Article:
The warts of capitalism are on display in a number of the big business books set to be released in spring 2020. The critiques range from systemic problems to examinations of individual instances where things went wrong.
The Case for Climate Capitalism: Economic Solutions for a Planet in Crisis
Tom Rand. ECW, Mar. 3 ($27.95, ISBN 978-1-77041-523-2)
Capitalism is broken, Rand says, and he urges the business community and environmentalists, bankers, and activists to unite to build practices that can sustain a new type of economy.
Competition Overdose: How Free Market Mythology Transformed Us from Citizen Kings to Market Servants
Maurice E. Stucke and Ariel Ezrachi. HarperBusiness, Mar. 17 ($32.50, ISBN 978-0-06-289283-6)
The theory that all of society’s ills can be solved by increased competition and less regulation is false and fuels greed and cronyism, the authors argue, proposing ways to create a healthier form of competition.
Dark Towers: Deutsche Bank, Donald Trump, and an Epic Trail of Destruction
David Enrich. Custom House, Feb. 18 ($29.99, ISBN 978-0-06-287881-6)
Deutsche Bank, the only bank willing to do business with Donald Trump, has made headlines for years and Enrich delves into the many mysteries that still shroud this financial institution.
Deaths of Despair and the Future of Capitalism
Anne Case and Angus Deaton. Princeton Univ., Mar. 17 ($29.95, ISBN 978-0-691-19078-5)
The rise in premature deaths among working-class whites has become a national crisis, and the authors tie the problem to the weakening position of labor, the growing power of corporations, and to a health-care sector that redistributes working-class wages to the wealthy.
First Responders: Inside the U.S. Strategy for Fighting the 2007–2009 Global Financial Crisis
Edited by Ben S. Bernanke et al. Yale Univ., Feb. 4 ($37.50, ISBN 978-0-300-24444-1)
Policy makers who led the government’s response to the Great Recession provide a comprehensive accounting of the debates and controversies surrounding the measures that were taken to stabilize the financial system and the economy.
Monopolized: Life in the Age of Corporate Power
David Dayen. New Press, June 9 ($27.99, ISBN 978-1-62097-541-1)
The editor of the American Prospect lays out how monopolies have impacted every aspect of American life, and shows readers how to revive the antitrust movement.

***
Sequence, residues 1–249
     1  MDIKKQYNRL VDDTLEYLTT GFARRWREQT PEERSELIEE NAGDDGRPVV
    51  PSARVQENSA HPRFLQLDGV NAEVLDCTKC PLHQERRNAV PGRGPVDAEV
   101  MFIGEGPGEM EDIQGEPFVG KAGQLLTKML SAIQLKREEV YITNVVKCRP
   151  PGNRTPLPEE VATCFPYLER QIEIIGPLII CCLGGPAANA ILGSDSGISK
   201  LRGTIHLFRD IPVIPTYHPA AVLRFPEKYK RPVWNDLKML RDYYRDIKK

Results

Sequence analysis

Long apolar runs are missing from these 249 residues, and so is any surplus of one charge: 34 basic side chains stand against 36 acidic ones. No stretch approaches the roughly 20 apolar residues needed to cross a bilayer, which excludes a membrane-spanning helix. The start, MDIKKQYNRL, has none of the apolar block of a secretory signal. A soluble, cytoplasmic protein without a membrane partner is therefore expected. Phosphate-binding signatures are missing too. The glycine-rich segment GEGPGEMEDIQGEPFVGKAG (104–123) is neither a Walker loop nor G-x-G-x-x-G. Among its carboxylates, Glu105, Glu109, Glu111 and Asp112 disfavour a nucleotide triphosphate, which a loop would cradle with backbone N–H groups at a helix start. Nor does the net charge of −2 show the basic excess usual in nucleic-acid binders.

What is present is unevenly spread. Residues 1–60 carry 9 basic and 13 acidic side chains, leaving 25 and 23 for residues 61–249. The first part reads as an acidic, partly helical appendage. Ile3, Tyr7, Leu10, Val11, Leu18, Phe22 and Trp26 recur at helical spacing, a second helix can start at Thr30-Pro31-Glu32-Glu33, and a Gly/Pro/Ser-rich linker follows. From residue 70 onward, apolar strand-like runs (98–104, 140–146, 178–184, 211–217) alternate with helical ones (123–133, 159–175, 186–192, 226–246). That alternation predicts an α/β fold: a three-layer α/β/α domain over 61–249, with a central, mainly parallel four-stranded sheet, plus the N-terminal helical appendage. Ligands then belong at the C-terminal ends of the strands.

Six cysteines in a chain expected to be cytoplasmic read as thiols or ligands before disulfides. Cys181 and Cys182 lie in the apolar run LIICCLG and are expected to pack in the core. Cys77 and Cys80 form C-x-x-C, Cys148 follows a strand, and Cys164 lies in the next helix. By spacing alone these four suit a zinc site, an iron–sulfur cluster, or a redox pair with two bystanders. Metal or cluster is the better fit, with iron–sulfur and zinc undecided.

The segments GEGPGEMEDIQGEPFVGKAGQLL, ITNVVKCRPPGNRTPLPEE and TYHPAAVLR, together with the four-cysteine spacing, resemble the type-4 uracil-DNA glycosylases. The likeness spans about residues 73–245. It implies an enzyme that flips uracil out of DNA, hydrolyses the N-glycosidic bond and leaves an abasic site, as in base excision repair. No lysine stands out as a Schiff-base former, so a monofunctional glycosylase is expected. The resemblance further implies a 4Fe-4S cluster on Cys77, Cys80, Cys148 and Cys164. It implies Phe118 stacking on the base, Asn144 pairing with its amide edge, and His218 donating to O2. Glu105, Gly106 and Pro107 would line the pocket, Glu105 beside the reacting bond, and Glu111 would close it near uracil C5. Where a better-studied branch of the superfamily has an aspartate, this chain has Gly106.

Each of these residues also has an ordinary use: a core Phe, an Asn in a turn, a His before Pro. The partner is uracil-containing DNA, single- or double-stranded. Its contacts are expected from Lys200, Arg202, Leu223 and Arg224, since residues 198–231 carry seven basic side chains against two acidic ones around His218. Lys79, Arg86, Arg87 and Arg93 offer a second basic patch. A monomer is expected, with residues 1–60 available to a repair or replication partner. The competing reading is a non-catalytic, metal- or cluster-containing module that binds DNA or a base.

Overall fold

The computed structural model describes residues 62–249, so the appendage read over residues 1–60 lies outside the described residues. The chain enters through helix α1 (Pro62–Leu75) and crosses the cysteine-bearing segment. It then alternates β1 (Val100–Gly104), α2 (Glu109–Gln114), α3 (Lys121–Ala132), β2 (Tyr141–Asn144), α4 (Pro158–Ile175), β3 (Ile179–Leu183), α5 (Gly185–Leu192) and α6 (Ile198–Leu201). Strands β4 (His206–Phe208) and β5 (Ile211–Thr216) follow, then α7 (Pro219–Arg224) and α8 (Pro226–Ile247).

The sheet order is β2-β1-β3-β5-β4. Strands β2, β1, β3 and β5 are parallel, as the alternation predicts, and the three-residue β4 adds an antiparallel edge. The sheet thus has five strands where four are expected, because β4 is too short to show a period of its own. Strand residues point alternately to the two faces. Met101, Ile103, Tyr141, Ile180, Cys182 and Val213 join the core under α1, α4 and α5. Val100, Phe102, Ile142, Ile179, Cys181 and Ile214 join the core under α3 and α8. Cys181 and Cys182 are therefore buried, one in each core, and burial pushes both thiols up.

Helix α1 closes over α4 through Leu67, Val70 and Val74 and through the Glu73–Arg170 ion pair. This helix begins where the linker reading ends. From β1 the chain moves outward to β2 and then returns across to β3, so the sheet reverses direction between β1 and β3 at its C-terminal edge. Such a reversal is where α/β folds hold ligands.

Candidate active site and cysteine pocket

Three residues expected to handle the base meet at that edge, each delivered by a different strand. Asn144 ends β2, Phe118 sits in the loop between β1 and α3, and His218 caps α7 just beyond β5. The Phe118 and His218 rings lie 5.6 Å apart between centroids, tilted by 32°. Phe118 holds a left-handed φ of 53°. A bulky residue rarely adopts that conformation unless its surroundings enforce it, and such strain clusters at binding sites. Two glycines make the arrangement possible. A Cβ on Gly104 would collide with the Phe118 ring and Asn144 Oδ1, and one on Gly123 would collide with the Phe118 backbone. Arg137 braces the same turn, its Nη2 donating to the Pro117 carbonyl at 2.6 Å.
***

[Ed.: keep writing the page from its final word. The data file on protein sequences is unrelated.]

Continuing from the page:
Reimagining Capitalism in a World on Fire
Rebecca Henderson. PublicAffairs, Apr. 28 ($28, ISBN 978-1-5417-3015-1)
A Harvard professor debunks the view that the only purpose of business is to maximize shareholder value and argues that to create a fairer society, capitalism needs to be reimagined.
Soul Full of Coal Dust: The True Story of an Epic Battle for Justice
Chris Hamby. Little, Brown, June 16 ($30, ISBN 978-0-316-29947-3)
Pulitzer Prize–winner Hamby traces how laborers and a small group of lawyers and doctors challenged Big Coal to win overdue compensation for those suffering from black lung disease.
Startup Myths and Models: What You Won’t Learn in Business School
Rizwan Virk. Columbia Business School, July 7 ($27.95, ISBN 978-0-231-19452-5)
Virk debunks widespread misconceptions about how startups work and provides models that help guide decision-making about starting, growing, managing, and selling a business.
The Velvet Rope Economy: How Inequality Became Big Business
Nelson D. Schwartz. Doubleday, Mar. 3 ($27.95, ISBN 978-0-385-54308-8)
The New York Times reporter details how the equality gap plays out in myriad ways in every day life; on one side of the rope, the rich enjoy tremendous perks, while on the other side, some Americans have to fight to find empty hospital beds.
Business & Economics Listings
Pretty Good Advice: For People Who Dream Big and Work Harder by Leslie Blodgett (Apr. 7, $19.99, ISBN 978-1-4197-4214-9). Blodgett turned around the fortunes of the struggling beauty company Bare Escentuals, allowing it to be sold for $1.8 billion in 2010. This is her story of how she approaches work and life.
Starting and Running a Food Truck Business: Everything You Need to Succeed with Your Kitchen on Wheels by Alan Philips (Feb. 4, $19.99 trade paper, ISBN 978-1-4654-9011-7) is a primer on the food truck industry that includes advice on topics such as the best types of equipment to use and social media strategies.
The Multi-hyphen Life: Work Less, Create More, and Design a Life That Works for You by Emma Gannon (Apr. 14, $16.99 trade paper, ISBN 978-1-5248-5242-9) is aimed at readers who are looking to turn their crafts, hobbies, and side jobs into viable businesses.
The Fix: Overcome the Invisible Barriers That Are Holding Women Back at Work by Michelle King (Mar. 3, $27, ISBN 978-1-982110-92-5) outlines the barriers that hold women back at all stages of their careers and provides readers with guidelines aimed at helping them thrive in sexist workplaces.